if I could have five minutes of your time to get some advice.” He said,
“Meet me at nine in the morning, on the verandah, for breakfast
tomorrow,” and he hung up the phone.
The next morning I showed up and there he was having his coffee. So I
sat down and we started talking. He started telling me stories and I
started telling him stories and we just got on. After about thirty
minutes he said, “So exactly what the fuck do you want?” And I said,
“I’m making a student film and I was wondering if you’d do a five minute
cameo in the movie. I can’t afford to pay you any money. I can’t afford
to go through your agent or your manager because I know they’d shut me
down. I just thought I’d ask.”
He said, “Look, I’m shooting ‘The Unforgiven’ right now, but I tell you
what – you write me out a scene and if I like it I’ll do it. You won’t
have to ask any questions of anyone; we’ll just do it.”
I went home that day and told all of my friends and they all thought I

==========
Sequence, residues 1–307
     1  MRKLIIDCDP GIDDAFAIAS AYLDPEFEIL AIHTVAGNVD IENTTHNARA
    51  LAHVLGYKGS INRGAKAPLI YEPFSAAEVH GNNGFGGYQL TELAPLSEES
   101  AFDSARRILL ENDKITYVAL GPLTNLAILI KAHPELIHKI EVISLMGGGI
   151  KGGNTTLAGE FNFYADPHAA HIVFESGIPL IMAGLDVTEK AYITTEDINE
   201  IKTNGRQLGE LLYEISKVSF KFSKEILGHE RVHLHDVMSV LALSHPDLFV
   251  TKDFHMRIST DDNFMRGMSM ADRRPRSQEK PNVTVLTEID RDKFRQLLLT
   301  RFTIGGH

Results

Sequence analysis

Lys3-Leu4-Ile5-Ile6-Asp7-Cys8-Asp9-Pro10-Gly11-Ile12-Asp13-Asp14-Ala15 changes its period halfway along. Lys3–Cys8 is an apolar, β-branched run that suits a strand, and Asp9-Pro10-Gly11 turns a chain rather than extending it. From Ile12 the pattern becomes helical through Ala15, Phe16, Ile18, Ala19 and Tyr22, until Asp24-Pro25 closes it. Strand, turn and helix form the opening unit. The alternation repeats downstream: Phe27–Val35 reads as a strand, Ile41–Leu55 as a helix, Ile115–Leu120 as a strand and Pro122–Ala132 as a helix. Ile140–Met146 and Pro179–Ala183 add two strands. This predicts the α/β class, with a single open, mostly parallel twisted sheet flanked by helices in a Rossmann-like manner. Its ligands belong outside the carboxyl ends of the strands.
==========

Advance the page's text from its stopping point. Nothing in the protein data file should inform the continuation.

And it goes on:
was lying. So I wrote out this scene about the origin of the word
“cunt,” which came from old English and was in Shakespeare and other
works of English art. The word had been bastardized over the years but
it had originally been kind of an important word. I thought either he’s
going to like it or he’s going to head butt me and force me to leave the
He read it and he said, “Let’s do it. Let’s do it tomorrow.” I left
there amazingly excited and got a crew together and a camera. The next
day we drove out to Malibu and we shot this scene where he comes out of
the ocean and walks straight up to the camera and delivers the opening
of the student film and then he walks back into the water and
Afterwards he bought us all lunch and bought us all dinner. We came back
to the hotel that night and we were both sopping wet walking through the
hotel lobby. He called up Clint Eastwood and all his buddies from the
hotel room and was boasting about how he’d had so much fun and how this
was what filmmaking was all about. I remember when I left he still
offered me cab fare to go home. . .
[Augusta Palmer is a freelance film writer who also teaches film studies
at New York’s School of Visual Arts and is working on her Ph.D. at
N.Y.U.’s Department of Cinema Studies.]